Cheese, avocados & eggs

Within a block of the Hacienda sit three mom-and-pop stores that provide essentials. These stores are called abarrotes, and most are connected to homes, and most abarrotes are tiny, dark and grim. They have eggs and cheese and plenty of other stuff one needs occasionally. Many are crammed with merchandise.

We used to frequent an abarrotes just around the closest corner, but the owner was such a suspicious sourpuss that we abandoned her. This was made more convenient when another opened about 20 feet farther on.

The newer one is run by a woman who is the mother of the sourpuss neighbor just next door. The barrio suffers no shortage of sourpusses. The second store owner has a daughter with severe Down Syndrome, and she has a big dog that sits in the door, obstructing.

We walk down there — it’s very close — almost daily. It’s far more convenient than driving a few miles to the nearest chain supermarket to contend with long, slow lines, hand gel and face masks. The woman who owns the second store won’t win any personality contests either, but she’s nicer than the other one, and it’s got to be hard for a middle-aged single woman with an adult daughter with Down Syndrome.

Plus, the abarrotes owners — just like me — don’t care about face masks or hand gel.

I usually buy tomatoes and avocados. Sometimes cheese, sometimes eggs, and often a package of baked tostadas, which we eat with pozole and minestrone.

Abarrotes remind me of a mom-and-pop store on a red-dirt road in the rural area where I lived with my parents and grandparents in southwest Georgia a million years ago. The main difference is that the Georgia store was far larger than your average abarrotes, and the owners had smiles on their faces. They were glad to see you. I’ve never had the impression that an abarrotes owner was happy to see me at all.

But the convenience makes up for that.

The third abarrotes I mentioned in the first paragraph is behind the Hacienda, not too convenient. We rarely go out the back door.

As I write this Thursday evening, a hog is screaming bloody murder next door. They’re possibly killing it for bacon and ham steaks. That also reminds of my grandparents’ Georgia farm where hogs were murdered for the same reason.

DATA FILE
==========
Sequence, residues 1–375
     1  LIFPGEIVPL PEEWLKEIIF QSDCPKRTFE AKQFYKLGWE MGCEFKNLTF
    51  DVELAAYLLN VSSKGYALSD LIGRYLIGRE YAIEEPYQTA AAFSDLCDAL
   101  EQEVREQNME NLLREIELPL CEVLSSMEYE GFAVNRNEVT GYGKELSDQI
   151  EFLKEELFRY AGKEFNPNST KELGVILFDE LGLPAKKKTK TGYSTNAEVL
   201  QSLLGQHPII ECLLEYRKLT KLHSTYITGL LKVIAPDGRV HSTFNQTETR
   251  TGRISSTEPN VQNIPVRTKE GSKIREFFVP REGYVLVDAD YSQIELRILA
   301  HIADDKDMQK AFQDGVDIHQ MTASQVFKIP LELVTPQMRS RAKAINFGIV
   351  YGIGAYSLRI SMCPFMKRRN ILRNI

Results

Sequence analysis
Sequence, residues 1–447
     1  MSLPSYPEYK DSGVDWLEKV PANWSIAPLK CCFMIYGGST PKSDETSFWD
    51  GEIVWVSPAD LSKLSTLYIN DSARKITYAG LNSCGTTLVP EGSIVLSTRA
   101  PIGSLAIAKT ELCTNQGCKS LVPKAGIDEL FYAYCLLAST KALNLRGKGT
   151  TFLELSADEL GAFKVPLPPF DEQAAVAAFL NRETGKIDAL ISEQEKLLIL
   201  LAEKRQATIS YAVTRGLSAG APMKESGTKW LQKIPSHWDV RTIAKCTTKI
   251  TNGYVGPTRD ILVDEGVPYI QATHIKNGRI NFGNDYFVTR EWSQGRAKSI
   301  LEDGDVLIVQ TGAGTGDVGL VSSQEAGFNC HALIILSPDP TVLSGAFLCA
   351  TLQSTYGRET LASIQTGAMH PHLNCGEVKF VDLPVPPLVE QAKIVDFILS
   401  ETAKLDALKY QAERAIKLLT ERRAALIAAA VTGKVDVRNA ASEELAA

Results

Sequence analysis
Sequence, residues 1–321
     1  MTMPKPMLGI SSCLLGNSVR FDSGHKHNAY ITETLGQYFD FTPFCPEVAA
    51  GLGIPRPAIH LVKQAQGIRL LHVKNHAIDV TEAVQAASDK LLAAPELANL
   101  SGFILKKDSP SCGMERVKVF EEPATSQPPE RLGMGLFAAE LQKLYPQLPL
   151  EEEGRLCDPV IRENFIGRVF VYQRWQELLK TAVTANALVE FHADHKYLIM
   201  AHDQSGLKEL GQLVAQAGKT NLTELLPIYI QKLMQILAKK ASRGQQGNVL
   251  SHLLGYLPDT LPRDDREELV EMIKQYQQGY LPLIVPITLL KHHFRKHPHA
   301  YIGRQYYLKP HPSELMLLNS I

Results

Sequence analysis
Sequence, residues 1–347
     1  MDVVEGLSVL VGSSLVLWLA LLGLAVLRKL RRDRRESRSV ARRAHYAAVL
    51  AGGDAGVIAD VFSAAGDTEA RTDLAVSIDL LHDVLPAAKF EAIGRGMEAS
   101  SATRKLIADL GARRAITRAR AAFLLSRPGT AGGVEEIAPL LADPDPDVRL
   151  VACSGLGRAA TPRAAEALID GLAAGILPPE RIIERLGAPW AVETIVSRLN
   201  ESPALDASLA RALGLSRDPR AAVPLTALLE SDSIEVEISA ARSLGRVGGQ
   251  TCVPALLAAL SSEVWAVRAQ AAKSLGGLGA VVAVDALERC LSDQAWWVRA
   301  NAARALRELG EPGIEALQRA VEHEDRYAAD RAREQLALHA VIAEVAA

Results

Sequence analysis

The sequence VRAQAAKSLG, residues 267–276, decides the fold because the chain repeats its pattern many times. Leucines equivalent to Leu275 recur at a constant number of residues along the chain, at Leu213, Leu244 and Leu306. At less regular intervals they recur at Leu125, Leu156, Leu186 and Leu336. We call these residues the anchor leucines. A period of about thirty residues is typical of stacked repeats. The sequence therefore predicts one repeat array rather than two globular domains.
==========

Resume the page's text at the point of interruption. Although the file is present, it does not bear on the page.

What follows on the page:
6 thoughts on “Cheese, avocados & eggs

  1. We have a new abarrotes in the village run by a very nice young couple. They have it all stocked up now. It’s nice and bright. They have a young daughter who rides one of those seats with the wheels that where outlawed up north many years ago. There is 20l pail that sits in the middle of the floor, so the little one can’t get past it and out onto the street. No masks required. It’s up to you to decide if you want one.

    We have countless other ones, mostly little dark holes with no lights on, so it easy to pick where we go.

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  2. You know that abarrotes are what those stores sell, and not what they are, right? “Abarrotes” means groceries. So these little places are “tiendas de abarrotes.”

    Cheers,

    Kim G
    SLP, SLP
    Where the number of fabulous churches and plazas is breathtaking.

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    1. Kim: Yep, know that, but people call them abarrotes. Just like in English where many people say “I’m going to the grocery” instead of the grocery store. Well, at least we talk that way in the Old South.

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  3. An Oxxo “invaded” our neighborhood two years ago causing The Usual Suspects (almost universally northerners) to become hysterical about the effect the store would have on all of the local abarrotes. My Mexican neighbors ignored the fuss and use the Oxxo primarily as a banking and telephone service that just happens to sell some groceries.

    I have been as surprised as you that most of the abarrotes in my neighborhood (with one notable exception) are manned by owners that appear to be almost annoyed that a customer has stopped by. The exception is a woman who always asks about my day and what I am cooking for lunch. The Oxxo staff (at the store near my house — because my observation is certainly not universal for convenience stores) always greet me and call me by my name.

    I had hoped that competition would up the game of the other stores. It hasn’t. Even though the prices are lower at the abarrotes, a lot of my neighbors still shop at the Oxxo.

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    1. Señor Cotton: I remember about 15 or so years ago, the first Oxxo came to town, and the Gringos here had hissy fits. Now we have quite a few Oxxos, and they are no big deal. Actually, they’re quite handy, as you note. And yeah, you rarely get a smile in an abarrotes.

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